A new study says that exposing children to bacteria and allergens in the first year of their lives might have a protective effect and cut their allergy risk by age three. Why is this and is this research credible?
The research, conducted by scientists at the Johns Hopkins Children’s Center, aimed to get a clearer picture over whether childhood exposure to allergens, things like dirt and dust, actually contributes to developing childhood allergies or whether it has a preventive effect. That’s because previous studies have shown mixed results.
Some research says that children who grow up on farms and are exposed to microorganisms tend to have lower allergy and asthma rates. At the same time though, other studies have shown that for kids living in the inner-city, high levels of allergens and pollutants, like the presence of roaches and dust, seem to contribute to allergy and asthma rates. These two facts seem to contradict each other, but this latest study says perhaps not.
Published in the Journal of Allergy and Clinical Immunology, the researchers looked at the health of 467 inner-city newborns from Baltimore, Boston, New York and St. Louis and tracked them for first three years of their lives. Throughout this time, researchers visited the home environments of each of the children and used standard tests to measure what types of allergens were present in their homes and the overall allergen levels. They also routinely tested the children for allergies and signs of asthma, as well as giving them physical exams. In addition, the researchers collected and analyzed the bacterial content of dust from 104 of the 467 infants in the study.
What they found was that infants who in their first year of life were exposed to mouse and cat dander, that is, material that is shed from an animal, as well as cockroach droppings appeared to have lower rates of wheezing at age three when compared to children who weren’t exposed to these allergens soon after birth. Interestingly, the effect was greater if the children had been exposed to all three allergens at an earlier age. For example, wheezing occurred in 51% of the children who weren’t exposed to any of the allergens compared to just 17 percent of children who grew up in houses where all three allergens were present in high levels.
The research also seemed to show that if a household had a greater variety of bacteria, children were less likely to develop things like dust allergies and wheezing by age three. Around 41% of allergy-free and wheeze-free children grew up in homes with the highest levels of recorded bacteria. Only 8% of children who suffered from both allergy and wheezing were exposed to these allergens during their first year.
To emphasize that first year-exposure appears to be crucial here, the study confirmed that children living in homes with the highest rates of bacteria and allergens were overall more likely to develop asthma and allergies. It was only when scientists focused on first year-exposure that the pattern emerged.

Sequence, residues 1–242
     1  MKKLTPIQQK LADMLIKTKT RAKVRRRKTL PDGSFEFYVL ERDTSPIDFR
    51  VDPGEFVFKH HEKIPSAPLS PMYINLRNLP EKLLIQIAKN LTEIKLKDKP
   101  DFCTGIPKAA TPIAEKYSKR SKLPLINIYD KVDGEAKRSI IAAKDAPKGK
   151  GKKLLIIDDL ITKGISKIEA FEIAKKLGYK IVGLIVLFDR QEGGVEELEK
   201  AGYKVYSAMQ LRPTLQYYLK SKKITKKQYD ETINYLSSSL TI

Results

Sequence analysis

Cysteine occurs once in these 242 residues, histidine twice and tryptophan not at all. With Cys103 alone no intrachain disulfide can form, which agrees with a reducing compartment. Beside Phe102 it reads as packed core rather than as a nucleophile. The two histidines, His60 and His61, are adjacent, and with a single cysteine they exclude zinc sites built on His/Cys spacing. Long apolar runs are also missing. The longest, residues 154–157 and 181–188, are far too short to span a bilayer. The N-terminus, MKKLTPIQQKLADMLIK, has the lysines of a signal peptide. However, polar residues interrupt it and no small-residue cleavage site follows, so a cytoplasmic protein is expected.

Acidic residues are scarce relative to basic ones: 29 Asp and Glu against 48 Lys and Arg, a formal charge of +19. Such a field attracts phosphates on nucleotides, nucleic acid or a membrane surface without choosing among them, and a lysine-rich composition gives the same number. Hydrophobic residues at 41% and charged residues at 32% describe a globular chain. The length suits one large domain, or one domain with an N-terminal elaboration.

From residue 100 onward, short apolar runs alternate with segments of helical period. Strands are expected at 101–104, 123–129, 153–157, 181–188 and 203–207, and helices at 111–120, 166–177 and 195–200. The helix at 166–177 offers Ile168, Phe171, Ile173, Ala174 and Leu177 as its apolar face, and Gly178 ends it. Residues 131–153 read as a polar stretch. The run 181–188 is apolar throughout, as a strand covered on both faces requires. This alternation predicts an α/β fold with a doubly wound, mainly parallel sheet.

“Our study shows that the timing of initial exposure may be critical,” study author Robert Wood, M.D. of the Johns Hopkins Children’s Center is quoted as saying. “What this tells us is that not only are many of our immune responses shaped in the first year of life, but also that certain bacteria and allergens play an important role in stimulating and training the immune system to behave a certain way.”
This appears to reconcile why children who grow up on farms are less likely to develop allergies that might be expected in that setting, whereas children in inner city areas where families work hard to keep their homes clean and tidy might be at greater risk.
The study did have some limitations of course, for instance that it only tracked allergy rates in children up to three years. That means all that we can really say from this study is that, up to three years-old, early exposure seems to significantly decrease developing allergies and asthma. Will that hold true over the long term? That’s something that the scientists will need to test, but it does fit neatly into the picture that has already emerged from other studies.
To be clear here, the researchers aren’t advocating that we allow children to play and live in squalid conditions. What they are saying is that allowing infants to be exposed to a normal environment (as opposed to the highly sterile one we may want to provide for our newborn children) might be beneficial because it could allow children to develop immunity at an early age.
What are your thoughts? Do you believe in letting your child get dirty, or are you in the clean camp? Let us know in the comments below.
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